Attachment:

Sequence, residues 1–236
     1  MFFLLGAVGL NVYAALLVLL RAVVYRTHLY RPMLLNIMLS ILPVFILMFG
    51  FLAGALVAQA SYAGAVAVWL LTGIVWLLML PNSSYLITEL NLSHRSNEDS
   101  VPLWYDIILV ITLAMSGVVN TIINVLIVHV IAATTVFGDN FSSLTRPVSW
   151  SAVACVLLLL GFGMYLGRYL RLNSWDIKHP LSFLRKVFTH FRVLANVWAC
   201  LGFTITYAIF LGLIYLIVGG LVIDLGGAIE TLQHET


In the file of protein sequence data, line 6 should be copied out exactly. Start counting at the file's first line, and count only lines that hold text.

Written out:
   201  LGFTITYAIF LGLIYLIVGG LVIDLGGAIE TLQHET